This is part of our series “Bring it to the world” which profiles websites and apps that offer localized versions to reach happy users from many parts of the world.
Q&A with Varian Ng of aNobii
What does your company do?
aNobii is a social network for book lovers. You can create a beautiful online shelf of books you’ve read and strike interesting conversations with those with similar reading tastes.
We have an iPhone app and an Android app that let you scan barcodes on the back of the books with your phone so to add books easily. You can also use it to find book reviews quickly at a bookstore.
How many languages does aNobii support now?
Our site currently supports 16 languages: English, Italian, French, Spanish, Traditional Chinese, Simplified Chinese, German, Russian, Galician, Portuguese, Dutch, Swedish, Esperanto, Japanese, Korean. Many more are coming. We have a rule of switching on a language once 50% of the strings have been translated in that language.
Defining target languages was more challenging than we’d thought. Catalan was a major language in parts of Spain. Brazilians speak a slightly different version of Portuguese from European Portuguese. We never knew this before.
What types of apps do you have?
We have a web app built mainly in PHP Zend, an iPhone app and an Android app.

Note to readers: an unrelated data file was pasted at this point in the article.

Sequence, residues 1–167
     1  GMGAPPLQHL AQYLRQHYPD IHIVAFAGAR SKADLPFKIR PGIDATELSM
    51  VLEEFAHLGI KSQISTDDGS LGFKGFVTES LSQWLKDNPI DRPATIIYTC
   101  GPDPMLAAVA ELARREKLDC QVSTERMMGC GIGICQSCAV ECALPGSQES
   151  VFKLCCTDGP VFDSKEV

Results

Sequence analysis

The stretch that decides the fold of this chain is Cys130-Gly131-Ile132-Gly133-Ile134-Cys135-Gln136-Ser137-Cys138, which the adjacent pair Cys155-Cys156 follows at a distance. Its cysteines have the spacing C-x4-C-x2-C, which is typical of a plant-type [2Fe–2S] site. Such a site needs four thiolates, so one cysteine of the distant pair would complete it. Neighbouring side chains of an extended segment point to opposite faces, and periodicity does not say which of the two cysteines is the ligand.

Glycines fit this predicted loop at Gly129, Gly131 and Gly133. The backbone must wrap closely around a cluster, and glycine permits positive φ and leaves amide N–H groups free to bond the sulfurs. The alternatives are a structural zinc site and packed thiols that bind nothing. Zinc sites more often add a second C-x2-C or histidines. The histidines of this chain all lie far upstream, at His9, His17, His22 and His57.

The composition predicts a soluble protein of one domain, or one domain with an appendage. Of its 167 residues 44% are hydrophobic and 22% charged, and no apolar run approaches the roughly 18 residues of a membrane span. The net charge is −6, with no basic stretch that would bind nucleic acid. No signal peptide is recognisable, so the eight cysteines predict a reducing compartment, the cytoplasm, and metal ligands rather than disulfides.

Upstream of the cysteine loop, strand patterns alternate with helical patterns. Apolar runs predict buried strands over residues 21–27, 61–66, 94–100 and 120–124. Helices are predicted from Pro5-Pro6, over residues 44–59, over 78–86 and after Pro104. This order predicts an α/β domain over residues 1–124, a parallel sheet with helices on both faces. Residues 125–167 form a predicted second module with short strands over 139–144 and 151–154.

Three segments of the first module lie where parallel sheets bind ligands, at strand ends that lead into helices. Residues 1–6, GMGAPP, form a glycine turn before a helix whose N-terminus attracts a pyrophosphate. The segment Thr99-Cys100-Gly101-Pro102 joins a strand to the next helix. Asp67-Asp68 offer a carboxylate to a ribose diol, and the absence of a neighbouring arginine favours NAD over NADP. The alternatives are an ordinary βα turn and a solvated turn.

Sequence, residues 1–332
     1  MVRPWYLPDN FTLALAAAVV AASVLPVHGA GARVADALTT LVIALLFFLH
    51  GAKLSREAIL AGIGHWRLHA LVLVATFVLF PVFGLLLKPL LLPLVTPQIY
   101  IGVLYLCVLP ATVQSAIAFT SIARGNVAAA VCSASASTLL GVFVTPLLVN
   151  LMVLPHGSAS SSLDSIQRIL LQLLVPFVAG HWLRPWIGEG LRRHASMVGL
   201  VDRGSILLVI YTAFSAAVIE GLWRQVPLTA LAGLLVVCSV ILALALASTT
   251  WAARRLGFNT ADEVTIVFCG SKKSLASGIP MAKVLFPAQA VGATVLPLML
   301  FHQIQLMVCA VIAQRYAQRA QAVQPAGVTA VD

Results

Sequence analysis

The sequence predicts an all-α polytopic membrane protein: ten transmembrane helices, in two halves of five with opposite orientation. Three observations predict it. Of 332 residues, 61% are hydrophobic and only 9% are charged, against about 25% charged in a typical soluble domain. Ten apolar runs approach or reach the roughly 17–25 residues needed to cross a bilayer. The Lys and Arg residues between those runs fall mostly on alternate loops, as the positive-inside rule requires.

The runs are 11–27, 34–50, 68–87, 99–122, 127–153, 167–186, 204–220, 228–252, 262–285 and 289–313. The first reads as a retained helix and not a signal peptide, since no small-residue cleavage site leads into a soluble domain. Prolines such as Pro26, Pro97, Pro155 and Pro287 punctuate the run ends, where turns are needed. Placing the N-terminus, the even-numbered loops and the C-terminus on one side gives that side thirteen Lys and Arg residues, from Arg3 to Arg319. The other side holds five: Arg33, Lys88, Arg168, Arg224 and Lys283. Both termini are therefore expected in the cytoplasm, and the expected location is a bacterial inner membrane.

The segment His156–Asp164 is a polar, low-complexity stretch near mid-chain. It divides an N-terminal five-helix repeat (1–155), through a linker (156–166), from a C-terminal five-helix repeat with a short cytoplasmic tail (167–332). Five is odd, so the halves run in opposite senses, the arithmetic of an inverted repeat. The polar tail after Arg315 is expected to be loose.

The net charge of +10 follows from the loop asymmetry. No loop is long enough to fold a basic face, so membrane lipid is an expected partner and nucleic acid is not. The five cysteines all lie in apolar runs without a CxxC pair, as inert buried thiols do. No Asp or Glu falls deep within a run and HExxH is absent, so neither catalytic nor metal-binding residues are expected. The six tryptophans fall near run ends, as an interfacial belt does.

How did you get the idea of localizing your app?
We are based in Hong Kong, a city where both English and Chinese are heavily used. So although we built our site in English first, we knew early on that we would add Chinese down the road. And why not more languages, if we will have two?
We built the English version first. Then we asked our friends who were using our site to help translate into Chinese. It seemed to us a good idea to have it translated by people who actually use and care about the site. They understand the contexts and nuances better. If you just send a spreadsheet with all the strings to someone not familiar with the site, it’s unrealistic to expect good translations.
The aNobii team
What tools do you use?
Approach #1: online spreadsheet. So we were looking for a tool for our user friends to collaborate. Our friends at Editgrid (makers of a fantastic online spreadsheet app; acquired by APPL) showed us how they were using their own online spreadsheet to do their collaborative translation. Basically, you create one spreadsheet for each language. Column A is original string in English. Column B is the translated string. And you run this program cron job that automatically grabs the latest version from their API every X hours and integrates it into the back-end. We liked the straightforward approach and used that.
This worked fine until we had the Italian translators group grew large in mid-2007. One day we would receive an email saying that her Italian translation was replaced by an inferior one and asked us to switch back. We would do the switch and not surprisingly the next day we would got an email from the other translator complaining about his string being replaced and requested a switch. As you can imagine, we are not very keen to have to judge the merits of translations in language we don’t speak! So we started looking for a better way.